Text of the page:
The role of multinational firms in international business cycle co-movement

Javier Cravino, Andrei Levchenko

22 October 2016

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In recent decades, multinational production has grown even faster than international goods trade to become, by some measures, the most important means through which firms serve foreign markets. Foreign multinational affiliates now account for about one-third of gross output in many developed countries (e.g. Alviarez 2013).

By definition, multinationals encompass production facilities in multiple countries, and thus it is a natural conjecture that they have an impact on the international transmission of economic shocks. Indeed, it appears that the most closely integrated countries experienced an increase in business cycle synchronisation over the past three decades (Kose et al. 2008, Hirata et al. 2013), the time period coinciding with the dramatic growth in multinational production. However, the relationship between multinational firms and the transmission of shocks is not yet well understood. At the micro level, there is limited empirical evidence on how the activities of the different parts of a multinational are interrelated at business cycle frequencies. At the macro level, it is yet to be established whether multinational production matters quantitatively for aggregate co-movement.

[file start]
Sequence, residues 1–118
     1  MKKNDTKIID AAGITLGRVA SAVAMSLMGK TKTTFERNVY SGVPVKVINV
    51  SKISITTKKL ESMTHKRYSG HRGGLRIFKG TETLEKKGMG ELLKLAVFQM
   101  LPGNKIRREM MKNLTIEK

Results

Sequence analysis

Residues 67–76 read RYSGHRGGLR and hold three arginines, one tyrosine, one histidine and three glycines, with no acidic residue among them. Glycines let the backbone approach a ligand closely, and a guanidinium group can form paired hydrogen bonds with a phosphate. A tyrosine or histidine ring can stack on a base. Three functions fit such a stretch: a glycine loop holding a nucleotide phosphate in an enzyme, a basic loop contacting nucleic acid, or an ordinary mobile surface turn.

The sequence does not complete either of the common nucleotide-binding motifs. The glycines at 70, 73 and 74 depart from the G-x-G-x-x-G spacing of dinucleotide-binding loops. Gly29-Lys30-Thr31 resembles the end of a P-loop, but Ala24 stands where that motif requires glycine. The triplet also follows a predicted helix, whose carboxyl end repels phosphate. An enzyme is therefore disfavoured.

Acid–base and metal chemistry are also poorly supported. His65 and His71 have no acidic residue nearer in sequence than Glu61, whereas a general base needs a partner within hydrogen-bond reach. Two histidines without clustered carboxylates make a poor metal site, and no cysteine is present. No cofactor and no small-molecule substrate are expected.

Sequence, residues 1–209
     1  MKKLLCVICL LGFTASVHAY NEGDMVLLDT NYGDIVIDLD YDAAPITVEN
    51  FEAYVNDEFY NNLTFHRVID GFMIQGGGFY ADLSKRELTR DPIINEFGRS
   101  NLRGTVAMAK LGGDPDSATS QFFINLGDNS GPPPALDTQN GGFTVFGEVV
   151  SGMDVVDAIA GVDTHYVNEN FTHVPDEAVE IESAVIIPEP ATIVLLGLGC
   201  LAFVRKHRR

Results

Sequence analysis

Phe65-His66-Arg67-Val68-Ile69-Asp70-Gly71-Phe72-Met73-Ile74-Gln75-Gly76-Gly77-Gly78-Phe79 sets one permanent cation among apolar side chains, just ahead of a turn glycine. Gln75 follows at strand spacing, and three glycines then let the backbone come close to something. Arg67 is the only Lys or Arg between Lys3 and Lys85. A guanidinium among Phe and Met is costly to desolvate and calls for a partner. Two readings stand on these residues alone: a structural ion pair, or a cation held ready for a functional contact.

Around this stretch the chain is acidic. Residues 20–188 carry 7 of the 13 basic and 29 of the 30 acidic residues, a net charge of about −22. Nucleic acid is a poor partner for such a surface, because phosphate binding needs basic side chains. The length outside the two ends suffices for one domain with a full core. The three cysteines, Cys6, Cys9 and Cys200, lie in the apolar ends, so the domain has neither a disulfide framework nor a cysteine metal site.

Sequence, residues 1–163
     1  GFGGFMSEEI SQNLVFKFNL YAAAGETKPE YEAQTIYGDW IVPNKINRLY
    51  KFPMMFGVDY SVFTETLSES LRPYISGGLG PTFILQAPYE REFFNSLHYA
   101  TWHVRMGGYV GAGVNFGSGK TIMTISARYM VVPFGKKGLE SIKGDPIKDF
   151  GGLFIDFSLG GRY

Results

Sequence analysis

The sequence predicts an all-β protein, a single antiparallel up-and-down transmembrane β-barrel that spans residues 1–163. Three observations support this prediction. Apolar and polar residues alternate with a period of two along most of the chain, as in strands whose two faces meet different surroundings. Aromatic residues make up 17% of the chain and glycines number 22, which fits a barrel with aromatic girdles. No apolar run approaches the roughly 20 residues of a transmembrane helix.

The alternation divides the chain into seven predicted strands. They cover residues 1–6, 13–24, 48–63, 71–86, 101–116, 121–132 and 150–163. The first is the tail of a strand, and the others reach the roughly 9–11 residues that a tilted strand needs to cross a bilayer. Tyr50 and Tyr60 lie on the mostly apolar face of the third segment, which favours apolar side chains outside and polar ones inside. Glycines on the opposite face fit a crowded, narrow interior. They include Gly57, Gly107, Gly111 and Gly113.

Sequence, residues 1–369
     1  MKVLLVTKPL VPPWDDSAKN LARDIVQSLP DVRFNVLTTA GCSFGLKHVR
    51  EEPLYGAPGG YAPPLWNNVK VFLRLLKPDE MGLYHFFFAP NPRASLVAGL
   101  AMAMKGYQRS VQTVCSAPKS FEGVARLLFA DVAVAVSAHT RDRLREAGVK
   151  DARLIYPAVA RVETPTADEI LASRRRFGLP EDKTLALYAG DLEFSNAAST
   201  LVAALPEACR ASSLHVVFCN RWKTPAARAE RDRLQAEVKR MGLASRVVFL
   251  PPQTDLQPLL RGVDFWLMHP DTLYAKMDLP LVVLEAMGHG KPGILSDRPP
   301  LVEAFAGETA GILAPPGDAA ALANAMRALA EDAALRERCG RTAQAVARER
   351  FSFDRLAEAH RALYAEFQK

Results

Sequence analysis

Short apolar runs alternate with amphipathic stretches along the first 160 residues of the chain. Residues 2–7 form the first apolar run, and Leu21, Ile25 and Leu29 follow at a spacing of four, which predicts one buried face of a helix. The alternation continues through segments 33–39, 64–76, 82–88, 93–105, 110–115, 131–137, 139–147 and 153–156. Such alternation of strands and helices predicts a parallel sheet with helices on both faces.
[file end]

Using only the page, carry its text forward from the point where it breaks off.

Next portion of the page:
In a recent paper, we use novel firm-level data and a quantitative multi-country model to examine the role of multinational firms in aggregate business cycle transmission (Cravino and Levchenko 2016). Our data cover several million domestic and multinational firms operating in 34 countries over the period 2004-2012. The key feature of the dataset is that it contains information on domestic and foreign ownership. Hence, for the first time in this context, the operations of parents and affiliates are observed in the same dataset as well as through time and in a broad cross-section of countries. This information allows us to study micro-level, cross-country co-movement between the different parties of the multinational corporations. At the same time, the data cover the bulk of economic activity in our sample of countries, making it possible to aggregate the firm-level results and derive their implications for business cycle co-movement.

Our analysis goes from micro patterns to macro implications in three stages. First, at the firm level, we document strong co-movement between multinational affiliates and their parents: a 10% growth in the sales of the parent is associated with a 2% growth in the sales of the affiliate. This correlation is computed after controlling for sectoral and aggregate trends using source-sector-destination-sector-year fixed effects, so that it captures the role of linkages within the multinational firm.